Fitch downgrades Australian banks

By Staff | February 24, 2012 | Last updated on February 24, 2012
1 min read

For the most part, Australia has skated through the global financial crisis unscathed, with its banks propped up by a strong resource sector. Until recently, the country has been a sort of antipodean Canada. Now the wonder down-under is showing signs of strain.

Credit-ratings firm Fitch has downgraded Australia’s three major banks, Commonwealth Bank of Australia Ltd., Westpac Banking Corp. and National Australia Bank Ltd. from AA to AA-.

Fitch cited higher funding costs as the main reason for rating cuts.

The latest downgrade has come barely two months after Standard & Poor’s downgraded the same three Australian banks, plus ANZ Banking Group, from AA to AA- as part of changes to the way it assesses risk.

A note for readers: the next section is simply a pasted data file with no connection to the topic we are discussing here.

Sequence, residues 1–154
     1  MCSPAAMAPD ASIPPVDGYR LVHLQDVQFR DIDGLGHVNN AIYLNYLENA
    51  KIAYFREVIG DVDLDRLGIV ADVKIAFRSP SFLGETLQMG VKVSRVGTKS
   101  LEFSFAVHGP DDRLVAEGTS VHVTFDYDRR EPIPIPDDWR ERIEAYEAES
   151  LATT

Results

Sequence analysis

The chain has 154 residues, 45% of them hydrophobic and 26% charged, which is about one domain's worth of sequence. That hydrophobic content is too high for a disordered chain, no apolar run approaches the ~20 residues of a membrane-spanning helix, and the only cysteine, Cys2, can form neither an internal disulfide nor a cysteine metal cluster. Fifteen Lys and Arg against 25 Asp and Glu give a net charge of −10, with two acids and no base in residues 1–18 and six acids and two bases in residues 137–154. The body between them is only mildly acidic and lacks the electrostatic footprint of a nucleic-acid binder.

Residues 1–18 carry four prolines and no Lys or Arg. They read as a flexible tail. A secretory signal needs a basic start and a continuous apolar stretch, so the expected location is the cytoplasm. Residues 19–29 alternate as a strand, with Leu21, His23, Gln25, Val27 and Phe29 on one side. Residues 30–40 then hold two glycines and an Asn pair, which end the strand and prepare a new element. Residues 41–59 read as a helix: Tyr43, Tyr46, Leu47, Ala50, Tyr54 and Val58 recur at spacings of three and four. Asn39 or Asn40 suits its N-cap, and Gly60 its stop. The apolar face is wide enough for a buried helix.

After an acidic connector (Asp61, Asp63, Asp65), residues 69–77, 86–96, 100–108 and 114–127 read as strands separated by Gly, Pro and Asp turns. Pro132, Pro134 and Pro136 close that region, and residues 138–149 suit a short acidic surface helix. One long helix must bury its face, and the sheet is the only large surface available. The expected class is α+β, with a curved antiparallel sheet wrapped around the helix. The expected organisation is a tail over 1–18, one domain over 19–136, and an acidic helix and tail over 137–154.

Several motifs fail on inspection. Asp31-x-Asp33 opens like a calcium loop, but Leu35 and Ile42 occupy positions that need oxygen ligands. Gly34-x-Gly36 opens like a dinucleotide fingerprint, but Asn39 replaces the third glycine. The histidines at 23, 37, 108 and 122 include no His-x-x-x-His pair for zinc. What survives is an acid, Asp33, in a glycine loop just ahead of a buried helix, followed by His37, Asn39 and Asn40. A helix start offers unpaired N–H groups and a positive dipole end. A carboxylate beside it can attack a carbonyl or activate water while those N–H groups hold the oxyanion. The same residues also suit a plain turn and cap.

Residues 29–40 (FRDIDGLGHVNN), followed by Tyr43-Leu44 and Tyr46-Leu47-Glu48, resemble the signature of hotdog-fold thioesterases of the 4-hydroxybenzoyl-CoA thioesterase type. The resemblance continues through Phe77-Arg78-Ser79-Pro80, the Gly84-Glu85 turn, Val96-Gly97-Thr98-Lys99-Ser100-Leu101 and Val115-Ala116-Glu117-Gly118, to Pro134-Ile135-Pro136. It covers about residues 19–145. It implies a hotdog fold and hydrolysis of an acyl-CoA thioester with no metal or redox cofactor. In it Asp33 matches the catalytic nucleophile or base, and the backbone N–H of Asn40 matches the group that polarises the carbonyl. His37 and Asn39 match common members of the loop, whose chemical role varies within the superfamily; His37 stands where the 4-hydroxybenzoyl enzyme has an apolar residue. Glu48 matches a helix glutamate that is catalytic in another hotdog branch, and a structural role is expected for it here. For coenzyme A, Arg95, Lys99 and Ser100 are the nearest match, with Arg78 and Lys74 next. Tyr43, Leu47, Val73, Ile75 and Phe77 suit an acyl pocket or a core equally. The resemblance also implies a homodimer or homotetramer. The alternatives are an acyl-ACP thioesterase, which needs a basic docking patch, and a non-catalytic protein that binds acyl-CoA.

The Macquarie Group, too, had its long-term rating downgraded from A- to BBB.

Australia’s banking sector has been under the scanner of ratings firm for some time; the moves by Fitch and S&P follow similar downgrades by Moody’s Investors Service in May.

Part of the reason for these downgrades is said to be Australian banks’ heavy reliance, on offshore wholesale debt markets from which they get around 40% of their funding. The ongoing eurozone crisis has had a detrimental effect on the cost of such debt. staff


The staff of have been covering news for financial advisors since 1998.